Book v. Paddock

Annotate this Case

267 P.2d 247 (1954)

BOOK et al. v. PADDOCK et al.

No. 17119.

Supreme Court of Colorado, En Banc.

February 15, 1954.

Rehearing Denied March 8, 1954.

Young, Young & Cates, Colorado Springs, for plaintiffs in error.

Rector, Kane & Calvert, Colorado Springs, for defendants in error.

KNAUSS, Justice.

Defendants in error, plaintiffs below, recovered judgments in the district court against plaintiffs in error, defendants below, upon claims for personal injuries and property damage claimed on account of an automobile-truck accident which occurred under circumstances hereinafter stated. Plaintiffs in error seek reversal by writ of error. We refer to the parties as they appeared in the trial court.

The accident out of which plaintiffs' claim arose occurred about 10 P.M. on June 6, 1951, on a bridge about forty-five feet long, on Highway 94, fifteen miles east of Colorado Springs, Colorado. Plaintiffs' passenger car was proceeding in a westerly direction. Defendants' truck was approaching from the opposite direction on the same highway. Plaintiffs' evidence was that at the time of the impact their car was stopped, or nearly so, and that the driver thereof was blinded by the headlights of defendants' truck. There is evidence in the record that plaintiffs' automobile was on its proper side of the road. This was disputed by evidence introduced by defendants. There is also evidence in the record that defendants' truck, immediately prior to the accident, was being driven in excess of sixty miles per hour. This was also disputed by defendants. After the collision, defendants' truck proceeded easterly from the point of impact, a distance variously estimated by witnesses at seventy-five to three hundred, or more, feet, before it came to a stop. To sustain their respective claims and defenses each side introduced testimony of three witnesses in addition to that of the litigants.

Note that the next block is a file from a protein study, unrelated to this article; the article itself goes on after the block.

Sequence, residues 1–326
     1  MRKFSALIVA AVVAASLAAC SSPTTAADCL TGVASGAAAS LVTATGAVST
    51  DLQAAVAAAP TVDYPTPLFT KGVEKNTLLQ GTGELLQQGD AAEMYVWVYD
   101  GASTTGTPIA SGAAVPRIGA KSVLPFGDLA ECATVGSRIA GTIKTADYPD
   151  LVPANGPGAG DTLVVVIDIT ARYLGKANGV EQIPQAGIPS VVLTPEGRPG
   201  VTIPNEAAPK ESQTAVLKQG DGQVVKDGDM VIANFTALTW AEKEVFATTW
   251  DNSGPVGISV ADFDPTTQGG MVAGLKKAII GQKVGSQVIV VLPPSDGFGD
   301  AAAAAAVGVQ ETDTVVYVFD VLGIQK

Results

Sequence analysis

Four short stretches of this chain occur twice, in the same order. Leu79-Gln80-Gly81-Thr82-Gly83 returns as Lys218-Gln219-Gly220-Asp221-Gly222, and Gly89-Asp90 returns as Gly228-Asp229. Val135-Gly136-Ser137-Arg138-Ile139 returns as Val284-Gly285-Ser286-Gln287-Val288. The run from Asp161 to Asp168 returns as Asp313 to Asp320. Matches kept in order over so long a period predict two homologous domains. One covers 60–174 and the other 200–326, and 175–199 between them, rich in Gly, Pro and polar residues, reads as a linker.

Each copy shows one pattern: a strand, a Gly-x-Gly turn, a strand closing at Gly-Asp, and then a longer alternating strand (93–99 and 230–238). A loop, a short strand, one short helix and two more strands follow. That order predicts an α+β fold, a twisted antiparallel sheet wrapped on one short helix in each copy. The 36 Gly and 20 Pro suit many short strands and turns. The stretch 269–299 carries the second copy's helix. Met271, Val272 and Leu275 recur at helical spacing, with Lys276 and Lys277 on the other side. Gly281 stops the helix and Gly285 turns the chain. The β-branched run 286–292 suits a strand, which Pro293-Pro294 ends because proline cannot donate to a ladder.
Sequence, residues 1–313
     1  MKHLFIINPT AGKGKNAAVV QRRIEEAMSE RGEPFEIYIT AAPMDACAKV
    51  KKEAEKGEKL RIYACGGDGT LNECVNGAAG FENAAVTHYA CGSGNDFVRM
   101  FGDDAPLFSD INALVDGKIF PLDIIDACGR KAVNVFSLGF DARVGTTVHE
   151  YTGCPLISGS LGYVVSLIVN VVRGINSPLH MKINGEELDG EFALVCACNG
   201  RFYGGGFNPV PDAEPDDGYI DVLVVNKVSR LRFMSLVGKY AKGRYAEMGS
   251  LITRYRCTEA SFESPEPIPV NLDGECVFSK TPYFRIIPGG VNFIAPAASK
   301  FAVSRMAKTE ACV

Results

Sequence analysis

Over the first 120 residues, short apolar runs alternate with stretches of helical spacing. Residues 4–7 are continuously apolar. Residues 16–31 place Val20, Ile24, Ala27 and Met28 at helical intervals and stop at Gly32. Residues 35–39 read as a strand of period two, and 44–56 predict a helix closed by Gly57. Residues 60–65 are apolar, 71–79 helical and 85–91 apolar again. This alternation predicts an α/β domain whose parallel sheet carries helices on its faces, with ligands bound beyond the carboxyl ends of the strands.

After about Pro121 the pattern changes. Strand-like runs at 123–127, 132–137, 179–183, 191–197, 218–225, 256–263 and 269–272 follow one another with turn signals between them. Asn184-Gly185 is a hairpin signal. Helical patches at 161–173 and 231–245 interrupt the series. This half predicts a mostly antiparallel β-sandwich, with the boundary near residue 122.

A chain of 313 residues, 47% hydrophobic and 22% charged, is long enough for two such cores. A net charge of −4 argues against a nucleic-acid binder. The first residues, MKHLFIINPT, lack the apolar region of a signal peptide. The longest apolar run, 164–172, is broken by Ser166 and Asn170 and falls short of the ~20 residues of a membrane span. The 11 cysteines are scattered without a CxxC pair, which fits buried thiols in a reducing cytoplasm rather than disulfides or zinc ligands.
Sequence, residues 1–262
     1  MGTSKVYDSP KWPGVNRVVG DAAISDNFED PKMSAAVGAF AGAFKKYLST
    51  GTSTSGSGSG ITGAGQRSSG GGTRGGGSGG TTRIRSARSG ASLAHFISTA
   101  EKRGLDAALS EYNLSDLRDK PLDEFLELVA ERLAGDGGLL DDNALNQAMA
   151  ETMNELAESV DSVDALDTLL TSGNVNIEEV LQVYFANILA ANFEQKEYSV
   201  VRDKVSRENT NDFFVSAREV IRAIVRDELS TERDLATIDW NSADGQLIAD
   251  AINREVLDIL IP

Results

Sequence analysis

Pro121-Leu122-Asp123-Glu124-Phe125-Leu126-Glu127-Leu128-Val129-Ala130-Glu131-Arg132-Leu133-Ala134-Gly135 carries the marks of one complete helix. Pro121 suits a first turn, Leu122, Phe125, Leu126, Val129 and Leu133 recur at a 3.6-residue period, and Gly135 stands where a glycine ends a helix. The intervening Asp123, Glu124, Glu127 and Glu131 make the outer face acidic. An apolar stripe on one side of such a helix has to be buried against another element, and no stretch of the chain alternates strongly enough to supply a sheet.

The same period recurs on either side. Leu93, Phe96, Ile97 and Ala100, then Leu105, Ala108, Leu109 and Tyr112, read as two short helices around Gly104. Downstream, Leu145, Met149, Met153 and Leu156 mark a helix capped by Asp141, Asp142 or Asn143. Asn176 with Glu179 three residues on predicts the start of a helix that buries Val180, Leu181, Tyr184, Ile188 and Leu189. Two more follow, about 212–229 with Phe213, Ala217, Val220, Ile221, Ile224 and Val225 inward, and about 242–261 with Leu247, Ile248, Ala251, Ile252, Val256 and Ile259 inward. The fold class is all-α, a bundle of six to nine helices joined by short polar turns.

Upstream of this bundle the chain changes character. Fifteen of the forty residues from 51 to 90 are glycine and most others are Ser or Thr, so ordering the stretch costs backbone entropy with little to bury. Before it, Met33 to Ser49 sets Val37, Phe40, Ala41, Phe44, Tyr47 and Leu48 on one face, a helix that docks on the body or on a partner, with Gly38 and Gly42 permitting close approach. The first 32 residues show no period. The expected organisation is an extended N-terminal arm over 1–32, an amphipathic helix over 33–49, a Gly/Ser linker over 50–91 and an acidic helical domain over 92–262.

Counsel for plaintiffs in error call upon us to set aside a judgment entered upon disputed facts. We are not asked to determine whether the trial court made proper application of the law pertaining to actions of this nature, neither are we requested to pass upon the instructions given the jury, for there is no objection thereto *248 on the part of counsel for plaintiffs in error. On the trial they offered no instructions which were refused by the court. The sole question presented by this writ of error is one of fact, it being the contention of counsel for plaintiffs in error that the accident could not have happened as plaintiffs said it did; that it was "physically and mathematically" impossible for the facts to be as stated by plaintiffs, and determined by the jury.

The ultimate question of fact in this case is, of course, which of the two drivers failed to keep his vehicle on its proper side of the road. It is clear that at least one of them crossed the center of the highway.

The question of contributory negligence on the part of plaintiffs, or either of them, was submitted to the jury under proper instructions. Thus, issues of fact were presented to be determined by the jury, the trier of the facts. There being sufficient substantial and competent evidence to support the verdicts, and the verdicts not being against the clear weight of the evidence, the findings of the jury are binding on this court. The jury, being properly instructed, is the arbiter of conflicting evidence, and its determination of the weight and credibility, as well as the inferences and implications to be drawn therefrom, is not to be supplanted by this court's impressions or conclusions from the written record. Maloney v. Jussel, 125 Colo. 125, 241 P.2d 862.

The facts in West v. Abney, 203 Okl. 227, 219 P.2d 624, are almost identical with those in the instant case. We cite this case because there was, as here, a near head-on collision between vehicles in the nighttime. There, as here, defendants insisted that the facts were insufficient to submit the case to the jury. We have repeatedly held that the evidence must be viewed in the light most favorable to the party on whom rests the onus of proof, when the trial court considers the matter of a directed verdict. In the instant action the jury resolved the issues in favor of plaintiffs, and the learned trial judge, who heard and saw the witnesses, declined to enter a judgment notwithstanding the verdicts. Our careful review of the entire record convinces us that the trial judge did not err in either of the rulings which are here suggested for reversal.

HOLLAND, J., not participating.